Medical device maker
warned doctors about possible failures in two lines of pacemakers and initiated a voluntary recall.
The alert was issued following a plant inspection by the Food and Drug Administration.
In a warning letter to doctors, Indianapolis-based Guidant said there could be an "intermittent or permanent loss of pacing output without warning" among its Insignia and Nexus pacemakers. The company said nobody has died from the malfunctions but some patients have been hospitalized.
Guidant said 49,500 pacemakers are at risk of one kind of malfunction that the company believes is the result of foreign material in its timing component, according to Guidant spokesman Dave Knutson.
Among all 341,000 Insignia and Nexus devices distributed worldwide, Guidant says it found 16 that didn't work when tested by doctors before or during implant procedures. The company has not determined a cause for this group of failures.
Guidant had confirmed 36 instances of the first type of malfunction as of early September, including seven pacemakers that weren't working during the implant procedure. Sixteen of the second type of malfunction have been reported.
Among the first group, no failures were observed in devices shipped after March 12, 2004. Based on a statistical analysis, the company expects up to 15 more of the first set of pacemakers to malfunction.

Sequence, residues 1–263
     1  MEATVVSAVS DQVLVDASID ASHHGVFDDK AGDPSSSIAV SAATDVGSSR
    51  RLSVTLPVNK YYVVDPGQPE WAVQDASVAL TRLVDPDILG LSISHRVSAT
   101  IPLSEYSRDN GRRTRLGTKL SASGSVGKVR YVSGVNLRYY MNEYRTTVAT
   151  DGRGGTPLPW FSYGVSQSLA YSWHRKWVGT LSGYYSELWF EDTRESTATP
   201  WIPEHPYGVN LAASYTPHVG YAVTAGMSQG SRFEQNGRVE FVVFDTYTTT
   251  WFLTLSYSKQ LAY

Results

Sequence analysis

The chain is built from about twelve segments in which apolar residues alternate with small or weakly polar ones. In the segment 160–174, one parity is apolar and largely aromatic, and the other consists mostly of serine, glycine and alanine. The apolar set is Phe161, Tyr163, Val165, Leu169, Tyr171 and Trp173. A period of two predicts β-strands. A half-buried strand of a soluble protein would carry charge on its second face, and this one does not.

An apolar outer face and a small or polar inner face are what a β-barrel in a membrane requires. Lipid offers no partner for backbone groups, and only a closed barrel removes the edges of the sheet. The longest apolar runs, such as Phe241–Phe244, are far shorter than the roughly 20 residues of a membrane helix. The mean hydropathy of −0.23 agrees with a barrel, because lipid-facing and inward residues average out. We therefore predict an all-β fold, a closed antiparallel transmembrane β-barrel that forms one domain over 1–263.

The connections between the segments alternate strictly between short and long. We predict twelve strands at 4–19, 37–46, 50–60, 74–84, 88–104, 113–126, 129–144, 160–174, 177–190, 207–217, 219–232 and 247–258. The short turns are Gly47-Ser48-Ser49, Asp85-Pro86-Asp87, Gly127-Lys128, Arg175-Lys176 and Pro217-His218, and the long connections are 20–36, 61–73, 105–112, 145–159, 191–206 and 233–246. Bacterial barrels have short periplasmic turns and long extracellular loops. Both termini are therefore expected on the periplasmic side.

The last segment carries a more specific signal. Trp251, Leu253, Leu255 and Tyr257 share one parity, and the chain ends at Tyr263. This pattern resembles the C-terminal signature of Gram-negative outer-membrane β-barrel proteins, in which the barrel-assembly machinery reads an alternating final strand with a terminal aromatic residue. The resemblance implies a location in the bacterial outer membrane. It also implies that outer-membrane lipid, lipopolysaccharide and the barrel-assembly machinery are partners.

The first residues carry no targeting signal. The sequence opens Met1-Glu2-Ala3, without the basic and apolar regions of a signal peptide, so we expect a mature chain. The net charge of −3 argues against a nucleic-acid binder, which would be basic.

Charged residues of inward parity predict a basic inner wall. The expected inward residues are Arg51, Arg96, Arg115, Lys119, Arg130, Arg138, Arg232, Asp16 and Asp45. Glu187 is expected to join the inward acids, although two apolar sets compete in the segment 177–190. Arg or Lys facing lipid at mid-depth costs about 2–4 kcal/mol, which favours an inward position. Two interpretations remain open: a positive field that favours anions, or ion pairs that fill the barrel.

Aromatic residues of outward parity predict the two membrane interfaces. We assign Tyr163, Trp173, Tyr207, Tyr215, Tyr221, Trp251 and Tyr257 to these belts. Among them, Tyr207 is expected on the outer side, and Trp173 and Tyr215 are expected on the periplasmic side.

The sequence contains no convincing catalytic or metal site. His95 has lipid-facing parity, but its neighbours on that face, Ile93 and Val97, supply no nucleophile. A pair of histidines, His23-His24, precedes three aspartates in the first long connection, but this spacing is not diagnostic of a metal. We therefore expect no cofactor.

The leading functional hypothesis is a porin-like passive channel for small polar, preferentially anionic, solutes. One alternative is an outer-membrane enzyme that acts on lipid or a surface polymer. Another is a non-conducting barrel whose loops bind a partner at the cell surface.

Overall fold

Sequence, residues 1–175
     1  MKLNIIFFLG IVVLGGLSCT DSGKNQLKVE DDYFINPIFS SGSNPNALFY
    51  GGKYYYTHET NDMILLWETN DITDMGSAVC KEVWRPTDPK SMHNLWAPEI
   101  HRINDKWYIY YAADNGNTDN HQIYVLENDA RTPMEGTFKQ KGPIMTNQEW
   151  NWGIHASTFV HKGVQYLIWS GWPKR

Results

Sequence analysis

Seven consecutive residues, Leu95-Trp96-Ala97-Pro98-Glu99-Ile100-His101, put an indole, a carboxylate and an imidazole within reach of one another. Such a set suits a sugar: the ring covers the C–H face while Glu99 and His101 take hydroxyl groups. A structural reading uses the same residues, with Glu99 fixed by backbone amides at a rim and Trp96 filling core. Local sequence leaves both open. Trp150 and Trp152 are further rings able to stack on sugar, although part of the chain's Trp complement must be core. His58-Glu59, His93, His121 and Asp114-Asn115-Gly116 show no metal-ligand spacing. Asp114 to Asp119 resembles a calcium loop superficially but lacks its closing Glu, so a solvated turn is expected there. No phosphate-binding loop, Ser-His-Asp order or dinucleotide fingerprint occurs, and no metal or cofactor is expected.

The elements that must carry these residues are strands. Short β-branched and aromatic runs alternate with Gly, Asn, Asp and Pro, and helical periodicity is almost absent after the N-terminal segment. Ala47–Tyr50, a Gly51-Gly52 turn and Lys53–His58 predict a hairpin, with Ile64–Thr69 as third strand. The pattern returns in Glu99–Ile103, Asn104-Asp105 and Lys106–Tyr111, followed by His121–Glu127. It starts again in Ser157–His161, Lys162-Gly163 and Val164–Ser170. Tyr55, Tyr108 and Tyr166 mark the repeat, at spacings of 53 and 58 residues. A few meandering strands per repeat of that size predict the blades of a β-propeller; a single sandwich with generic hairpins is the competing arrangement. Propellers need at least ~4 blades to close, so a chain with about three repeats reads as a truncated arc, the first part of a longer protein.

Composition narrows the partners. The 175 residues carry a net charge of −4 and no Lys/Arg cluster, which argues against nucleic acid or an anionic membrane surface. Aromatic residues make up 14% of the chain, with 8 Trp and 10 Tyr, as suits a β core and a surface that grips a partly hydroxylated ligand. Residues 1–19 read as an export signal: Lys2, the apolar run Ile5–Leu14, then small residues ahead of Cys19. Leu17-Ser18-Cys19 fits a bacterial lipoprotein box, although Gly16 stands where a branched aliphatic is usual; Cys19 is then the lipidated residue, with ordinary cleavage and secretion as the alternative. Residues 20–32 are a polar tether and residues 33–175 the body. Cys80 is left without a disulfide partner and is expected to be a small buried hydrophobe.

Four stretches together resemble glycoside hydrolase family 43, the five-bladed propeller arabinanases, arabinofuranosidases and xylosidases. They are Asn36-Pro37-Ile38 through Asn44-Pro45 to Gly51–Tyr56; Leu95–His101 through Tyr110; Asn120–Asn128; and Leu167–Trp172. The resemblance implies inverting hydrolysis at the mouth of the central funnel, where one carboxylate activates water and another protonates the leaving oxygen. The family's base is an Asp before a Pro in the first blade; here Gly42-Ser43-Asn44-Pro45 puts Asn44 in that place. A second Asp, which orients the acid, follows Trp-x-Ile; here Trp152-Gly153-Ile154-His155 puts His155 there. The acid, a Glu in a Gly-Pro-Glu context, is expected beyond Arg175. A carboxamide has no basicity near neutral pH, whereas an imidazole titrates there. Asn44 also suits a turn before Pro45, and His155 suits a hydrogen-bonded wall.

During an inspection of the company's St. Paul, Minn., plant, the FDA noted several instances of noncompliance, including the two trends found in Guidant's Insignia and Nexus pacemakers, according to the company.
Guidant says it gave the FDA a thorough response to its observations and described the steps it has taken and will take to address the problems.
In its letter to doctors, Guidant suggested that they "consider the projected low and declining failure rate" of the devices, and reiterated its initial patient monitoring regimen.
"Guidant recommends verifying pacemaker operation in the packaging prior to the implant procedure" Guidant wrote in its letter to doctors. "Devices exhibiting intermittent or permanent loss of output or telemetry should not be implanted." The company noted that no failures were observed after devices were confirmed to work.
Shares fell 64 cents to $68.85 Thursday morning.